Few approaches have gathered a clear understanding of the public’s contrasting priorities when considering privacy and better health outcomes. The Health e-Research Center (HeRC) and the Farr Institute decided to use a Citizens Jury approach to identify what the public thinks.
Problems and Purpose
While there have been many focus groups and surveys examining public opinion of health record privacy, few studies gathered a clear understanding of the public’s contrasting priorities when considering privacy and better health outcomes. The Health e-Research Center (HeRC) and the Farr Institute sought an approach that could tell decision makers what members of the public thought about the issue once they gained a deeper understanding, and decided to conduct a Citizens Jury.
Background History and Context
Health record data can be collected and used in research to improve treatment, potential causes of diseases, and best medical practices, but these opportunities aren’t without controversy. Many people are concerned with protecting individual privacy, especially in keeping health information confidential. In the UK, the care.data patient record sharing program created by the National Health Services was halted after public opposition regarding the program’s potential for abuse.
Organizing, Supporting, and Funding Entities
The Jefferson Center worked with their UK counterpart, Citizens Jury c.i.c., to conduct the jury. The Jury was commissioned by the Health e-Research Center (HeRC)and the NIHR Greater Manchester Primary Care Patient Safety Translational Research Centre. Project partners included the Information Commissioner’s Office, the Farr Institute of Health Informatics Research, and the Health Research Authority. Funding was provided by the Medical Research Council and the National Health Service National Institute for Health Research.
Participant Recruitment and Selection
Jurors were recruited through various methods around the Greater Manchester area, including outreach to a community choir, a presentation at a retirement community, a university research volunteer website, and a local job opportunities website. The 34 people selected to participate were recruited to represent a sample of English residents based on the 2011 census, in regards to gender, age, ethnicity, and level of education. Jurors were paid £400 for participating in three days of the jury.
Methods and Tools Used
The two-part Citizen Jury series took place over the course of two weekends in January 2016, with a different selection of 17 jurors attending each three-day jury. At each event, citizens had the chance to hear from and ask questions of expert witnesses on health and data privacy. They identified, discussed, and ranked reasons for and against two main questions, “Should the NHS body be allowed to create these records about you and other patients?” and “Given your answer to question 1, who should be allowed to access and extract data from the records created?”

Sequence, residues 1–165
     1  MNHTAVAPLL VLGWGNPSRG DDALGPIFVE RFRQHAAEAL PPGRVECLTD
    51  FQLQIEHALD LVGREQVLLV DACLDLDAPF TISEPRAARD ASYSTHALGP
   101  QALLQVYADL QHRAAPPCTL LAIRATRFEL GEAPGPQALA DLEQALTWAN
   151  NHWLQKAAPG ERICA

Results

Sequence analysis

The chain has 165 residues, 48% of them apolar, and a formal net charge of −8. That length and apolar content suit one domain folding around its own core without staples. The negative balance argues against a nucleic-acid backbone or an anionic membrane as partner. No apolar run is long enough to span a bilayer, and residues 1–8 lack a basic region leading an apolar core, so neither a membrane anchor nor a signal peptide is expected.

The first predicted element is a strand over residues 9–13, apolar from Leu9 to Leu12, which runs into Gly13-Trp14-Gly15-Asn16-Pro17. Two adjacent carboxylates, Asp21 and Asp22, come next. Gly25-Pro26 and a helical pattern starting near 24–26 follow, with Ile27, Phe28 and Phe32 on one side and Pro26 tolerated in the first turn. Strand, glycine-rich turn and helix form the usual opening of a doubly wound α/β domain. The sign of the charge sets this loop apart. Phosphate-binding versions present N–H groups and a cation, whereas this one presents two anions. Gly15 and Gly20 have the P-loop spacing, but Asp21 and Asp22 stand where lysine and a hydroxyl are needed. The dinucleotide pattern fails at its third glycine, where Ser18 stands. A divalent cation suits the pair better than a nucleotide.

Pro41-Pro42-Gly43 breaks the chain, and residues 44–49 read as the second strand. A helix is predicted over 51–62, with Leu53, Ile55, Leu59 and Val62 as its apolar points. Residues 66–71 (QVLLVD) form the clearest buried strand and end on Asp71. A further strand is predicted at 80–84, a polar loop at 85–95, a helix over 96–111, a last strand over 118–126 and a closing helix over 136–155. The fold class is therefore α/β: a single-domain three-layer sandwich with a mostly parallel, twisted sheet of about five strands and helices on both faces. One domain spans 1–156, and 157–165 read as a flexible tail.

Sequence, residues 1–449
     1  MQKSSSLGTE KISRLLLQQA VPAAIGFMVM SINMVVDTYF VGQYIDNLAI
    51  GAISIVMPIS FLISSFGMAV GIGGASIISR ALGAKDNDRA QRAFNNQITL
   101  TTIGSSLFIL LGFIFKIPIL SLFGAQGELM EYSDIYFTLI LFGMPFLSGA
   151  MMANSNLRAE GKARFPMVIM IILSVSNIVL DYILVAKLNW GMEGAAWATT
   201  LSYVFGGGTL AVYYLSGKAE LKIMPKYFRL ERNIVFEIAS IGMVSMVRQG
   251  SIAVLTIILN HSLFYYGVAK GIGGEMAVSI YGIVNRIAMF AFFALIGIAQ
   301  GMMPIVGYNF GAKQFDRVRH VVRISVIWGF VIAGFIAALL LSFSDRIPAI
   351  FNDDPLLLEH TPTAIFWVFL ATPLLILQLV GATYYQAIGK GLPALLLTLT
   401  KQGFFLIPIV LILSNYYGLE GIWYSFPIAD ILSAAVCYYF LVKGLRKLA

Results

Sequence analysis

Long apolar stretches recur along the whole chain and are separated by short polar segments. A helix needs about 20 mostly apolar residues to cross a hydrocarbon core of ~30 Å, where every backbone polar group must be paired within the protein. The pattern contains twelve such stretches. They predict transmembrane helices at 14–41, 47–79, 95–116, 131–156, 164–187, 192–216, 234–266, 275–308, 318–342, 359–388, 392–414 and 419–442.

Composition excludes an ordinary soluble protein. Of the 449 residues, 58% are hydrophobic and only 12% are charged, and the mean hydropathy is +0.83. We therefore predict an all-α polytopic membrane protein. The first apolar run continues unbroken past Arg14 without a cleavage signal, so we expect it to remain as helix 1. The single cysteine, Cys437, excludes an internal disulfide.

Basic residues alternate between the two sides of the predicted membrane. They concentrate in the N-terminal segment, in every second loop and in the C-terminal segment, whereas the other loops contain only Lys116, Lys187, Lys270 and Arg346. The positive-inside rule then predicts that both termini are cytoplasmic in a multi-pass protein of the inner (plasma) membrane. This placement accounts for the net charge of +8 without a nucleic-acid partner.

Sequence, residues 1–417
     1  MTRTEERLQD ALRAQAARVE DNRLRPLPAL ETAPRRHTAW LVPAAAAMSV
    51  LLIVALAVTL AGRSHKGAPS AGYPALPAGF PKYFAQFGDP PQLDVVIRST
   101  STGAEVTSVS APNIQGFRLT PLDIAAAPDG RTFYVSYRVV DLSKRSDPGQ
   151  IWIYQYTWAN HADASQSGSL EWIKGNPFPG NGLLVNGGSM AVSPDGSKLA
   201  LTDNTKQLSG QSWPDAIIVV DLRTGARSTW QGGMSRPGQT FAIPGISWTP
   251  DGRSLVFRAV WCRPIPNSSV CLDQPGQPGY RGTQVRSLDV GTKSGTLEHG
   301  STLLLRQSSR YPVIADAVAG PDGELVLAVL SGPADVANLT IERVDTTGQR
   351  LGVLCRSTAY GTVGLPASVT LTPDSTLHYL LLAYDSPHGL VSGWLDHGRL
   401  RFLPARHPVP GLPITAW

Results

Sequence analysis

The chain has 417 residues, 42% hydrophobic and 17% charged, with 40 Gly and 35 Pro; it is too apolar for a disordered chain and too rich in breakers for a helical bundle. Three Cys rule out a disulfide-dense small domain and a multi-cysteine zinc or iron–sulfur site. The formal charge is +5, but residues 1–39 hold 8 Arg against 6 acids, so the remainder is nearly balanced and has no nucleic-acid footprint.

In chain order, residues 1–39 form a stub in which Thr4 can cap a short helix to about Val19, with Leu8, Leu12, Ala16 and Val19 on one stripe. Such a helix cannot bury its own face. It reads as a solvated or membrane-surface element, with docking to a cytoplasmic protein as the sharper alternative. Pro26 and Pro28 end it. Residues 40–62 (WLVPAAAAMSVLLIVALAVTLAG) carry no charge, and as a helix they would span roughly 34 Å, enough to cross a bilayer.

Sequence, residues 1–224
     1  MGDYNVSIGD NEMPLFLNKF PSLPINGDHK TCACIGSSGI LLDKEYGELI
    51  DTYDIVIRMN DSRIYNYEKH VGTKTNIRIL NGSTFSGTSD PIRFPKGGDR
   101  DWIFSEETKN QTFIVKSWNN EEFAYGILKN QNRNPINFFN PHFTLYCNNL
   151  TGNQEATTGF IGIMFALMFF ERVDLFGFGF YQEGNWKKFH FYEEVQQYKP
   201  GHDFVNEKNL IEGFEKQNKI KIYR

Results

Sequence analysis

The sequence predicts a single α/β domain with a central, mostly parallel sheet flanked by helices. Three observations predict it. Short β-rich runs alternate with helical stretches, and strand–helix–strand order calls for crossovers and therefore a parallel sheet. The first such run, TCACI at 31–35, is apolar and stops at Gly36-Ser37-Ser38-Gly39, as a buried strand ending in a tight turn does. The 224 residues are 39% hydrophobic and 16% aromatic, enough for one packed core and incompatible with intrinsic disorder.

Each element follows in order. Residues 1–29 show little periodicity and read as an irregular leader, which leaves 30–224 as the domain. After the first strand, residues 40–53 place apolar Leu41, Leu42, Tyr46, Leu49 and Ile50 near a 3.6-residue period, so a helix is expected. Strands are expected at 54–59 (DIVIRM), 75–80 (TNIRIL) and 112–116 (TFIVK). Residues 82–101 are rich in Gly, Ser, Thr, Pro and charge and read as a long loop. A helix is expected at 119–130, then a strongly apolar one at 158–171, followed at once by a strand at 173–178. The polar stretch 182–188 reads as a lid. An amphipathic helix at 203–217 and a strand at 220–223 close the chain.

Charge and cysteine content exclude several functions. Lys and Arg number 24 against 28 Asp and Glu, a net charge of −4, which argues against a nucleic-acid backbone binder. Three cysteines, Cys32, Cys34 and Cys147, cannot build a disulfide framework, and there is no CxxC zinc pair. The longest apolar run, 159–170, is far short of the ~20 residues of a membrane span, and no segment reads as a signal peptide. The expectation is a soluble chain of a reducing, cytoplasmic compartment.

What Went On: Process, Interaction, and Participation
Each group started their first day with a simulation exercise to get familiar with the deliberation process. Next, they listened to presentations on patient records, current data and health privacy laws, ethical considerations, an argument for using patient records in the public interest, and an argument for protection and patient control of records. After each presentation, the jurors had the chance to ask questions and identify key learning points. They then worked together to identify, discuss, and rank reasons for or against the first question, “Should the NHS body be allowed to create these records about you and other patients?” Participants then voted individually on their personal responses to the question.
On the final day, the groups worked together to develop the case for and against different parties having access to patient records, in response to question 2, “Who should be allowed to access and extract data from the records created?” The jury then voted individually on their responses to question 2.
Over the course of the weekend, many jurors changed their opinion about who should get access to patient records, with more people supporting wider information sharing by the end of the third day.
Of 34 jurors, 33 supported the use of medical record data to improve patient care for the public. With this understanding, the Information Commissioner’s Office can confidently craft policy which reflects the will of informed citizenry.
Influence, Outcomes, and Effects
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Analysis and Lessons Learned
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